Kerry says partial Afghan security deal reached

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U.S. Secretary of State John Kerry says a partial agreement has been reached with Afghanistan on a security accord but the potentially deal-breaking issue of jurisdiction for American forces remains unresolved, the Associated Press reported.

Kerry told a news conference on Saturday that the future of U.S. forces in Afghanistan could not be agreed upon unless the issue of immunity for troops was solved.


“One issue that is outstanding [is] the issue of jurisdiction [immunity],” he said. “We need to say that if the issue of jurisdiction cannot be resolved, unfortunately there cannot be a bilateral security agreement,” Agence France-Presse reported.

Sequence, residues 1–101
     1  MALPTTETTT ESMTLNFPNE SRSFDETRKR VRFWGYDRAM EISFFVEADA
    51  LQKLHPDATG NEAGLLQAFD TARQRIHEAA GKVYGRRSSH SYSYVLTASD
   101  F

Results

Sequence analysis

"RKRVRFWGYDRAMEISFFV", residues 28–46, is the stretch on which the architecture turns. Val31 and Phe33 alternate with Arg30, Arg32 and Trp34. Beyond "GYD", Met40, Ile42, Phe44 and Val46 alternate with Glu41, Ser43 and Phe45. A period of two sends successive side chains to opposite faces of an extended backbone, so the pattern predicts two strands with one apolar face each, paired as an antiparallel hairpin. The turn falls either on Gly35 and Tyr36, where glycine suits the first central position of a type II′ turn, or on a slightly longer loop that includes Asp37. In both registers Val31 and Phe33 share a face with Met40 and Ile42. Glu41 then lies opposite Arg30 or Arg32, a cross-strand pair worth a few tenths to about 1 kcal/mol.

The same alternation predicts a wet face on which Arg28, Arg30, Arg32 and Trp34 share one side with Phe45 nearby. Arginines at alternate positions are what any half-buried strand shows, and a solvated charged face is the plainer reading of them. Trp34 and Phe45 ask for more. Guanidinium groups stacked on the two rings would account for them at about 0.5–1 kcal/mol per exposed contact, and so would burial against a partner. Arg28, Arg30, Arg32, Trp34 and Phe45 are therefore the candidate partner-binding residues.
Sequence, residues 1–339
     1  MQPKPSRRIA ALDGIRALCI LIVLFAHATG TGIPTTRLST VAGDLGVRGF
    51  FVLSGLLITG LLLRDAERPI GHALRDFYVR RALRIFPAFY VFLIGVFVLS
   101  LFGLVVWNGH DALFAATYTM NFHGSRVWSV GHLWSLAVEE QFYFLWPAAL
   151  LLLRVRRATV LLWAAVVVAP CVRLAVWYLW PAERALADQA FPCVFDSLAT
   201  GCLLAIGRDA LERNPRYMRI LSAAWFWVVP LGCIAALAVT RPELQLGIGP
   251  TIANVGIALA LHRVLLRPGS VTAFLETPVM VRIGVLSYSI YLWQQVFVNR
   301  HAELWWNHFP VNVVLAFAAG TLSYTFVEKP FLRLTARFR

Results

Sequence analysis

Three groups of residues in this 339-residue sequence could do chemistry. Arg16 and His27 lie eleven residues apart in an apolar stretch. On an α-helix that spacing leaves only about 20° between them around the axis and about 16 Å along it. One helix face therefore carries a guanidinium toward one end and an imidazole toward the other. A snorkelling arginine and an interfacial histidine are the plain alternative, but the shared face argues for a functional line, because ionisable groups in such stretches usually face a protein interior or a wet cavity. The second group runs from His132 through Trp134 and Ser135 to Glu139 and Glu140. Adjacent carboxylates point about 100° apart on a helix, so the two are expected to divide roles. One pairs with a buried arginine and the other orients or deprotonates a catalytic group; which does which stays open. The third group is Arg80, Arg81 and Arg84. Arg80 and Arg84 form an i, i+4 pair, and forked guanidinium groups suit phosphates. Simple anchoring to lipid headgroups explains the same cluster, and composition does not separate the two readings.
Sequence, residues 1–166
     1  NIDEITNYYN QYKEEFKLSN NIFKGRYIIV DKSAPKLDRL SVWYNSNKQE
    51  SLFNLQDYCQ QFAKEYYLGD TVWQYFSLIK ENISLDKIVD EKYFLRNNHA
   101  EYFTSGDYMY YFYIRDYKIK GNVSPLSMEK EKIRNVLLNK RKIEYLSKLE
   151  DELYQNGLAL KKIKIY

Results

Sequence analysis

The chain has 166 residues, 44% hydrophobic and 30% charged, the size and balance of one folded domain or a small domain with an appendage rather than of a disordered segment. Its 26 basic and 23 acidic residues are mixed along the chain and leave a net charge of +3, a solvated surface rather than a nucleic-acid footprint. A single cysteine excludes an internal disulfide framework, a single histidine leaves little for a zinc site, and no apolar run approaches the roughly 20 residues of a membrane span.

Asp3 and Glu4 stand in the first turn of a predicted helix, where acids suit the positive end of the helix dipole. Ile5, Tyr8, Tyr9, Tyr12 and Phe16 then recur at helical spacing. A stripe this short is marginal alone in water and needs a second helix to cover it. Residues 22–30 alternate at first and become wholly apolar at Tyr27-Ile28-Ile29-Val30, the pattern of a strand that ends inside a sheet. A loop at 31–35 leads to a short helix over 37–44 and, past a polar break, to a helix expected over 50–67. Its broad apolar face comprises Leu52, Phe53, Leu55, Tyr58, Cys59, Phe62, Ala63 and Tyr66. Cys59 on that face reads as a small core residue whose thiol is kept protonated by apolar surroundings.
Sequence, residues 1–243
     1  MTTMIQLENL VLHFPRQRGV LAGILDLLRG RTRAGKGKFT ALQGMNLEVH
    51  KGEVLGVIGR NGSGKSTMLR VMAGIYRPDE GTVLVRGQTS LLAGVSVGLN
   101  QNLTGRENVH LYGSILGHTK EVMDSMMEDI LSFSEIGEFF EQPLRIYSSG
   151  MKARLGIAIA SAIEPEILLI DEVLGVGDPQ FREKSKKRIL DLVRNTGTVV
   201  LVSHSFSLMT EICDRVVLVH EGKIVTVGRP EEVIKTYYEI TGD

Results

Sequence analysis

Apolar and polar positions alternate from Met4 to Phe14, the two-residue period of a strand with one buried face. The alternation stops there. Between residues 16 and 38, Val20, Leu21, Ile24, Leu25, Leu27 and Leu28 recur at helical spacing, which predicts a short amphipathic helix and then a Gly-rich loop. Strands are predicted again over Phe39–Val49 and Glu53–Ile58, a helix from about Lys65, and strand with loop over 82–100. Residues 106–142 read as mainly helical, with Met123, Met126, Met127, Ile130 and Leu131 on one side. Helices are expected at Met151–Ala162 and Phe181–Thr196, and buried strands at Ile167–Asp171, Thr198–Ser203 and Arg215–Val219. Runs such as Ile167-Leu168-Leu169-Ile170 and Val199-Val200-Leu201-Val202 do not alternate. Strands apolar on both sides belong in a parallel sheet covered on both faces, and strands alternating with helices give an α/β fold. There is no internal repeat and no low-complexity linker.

Kerry extended his stay in Kabul to try to decide on a long-delayed security pact that would allow between 5,000 and 10,000 U.S. troops to remain in Afghanistan to combat al-Qaeda and train the national army.

President Hamid Karzai says that he will let a national council of elders and then parliament decide on the issue of who has jurisdiction for any crimes committed by U.S. forces in Afghanistan after 2014.

“The BSA (Bilateral Security Agreement) has a lot of items, one is about immunity for foreign and U.S. soldiers - we didn’t have a united opinion on this issue,” he told reporters, according to AFP.

(With the Associated Press and AFP)

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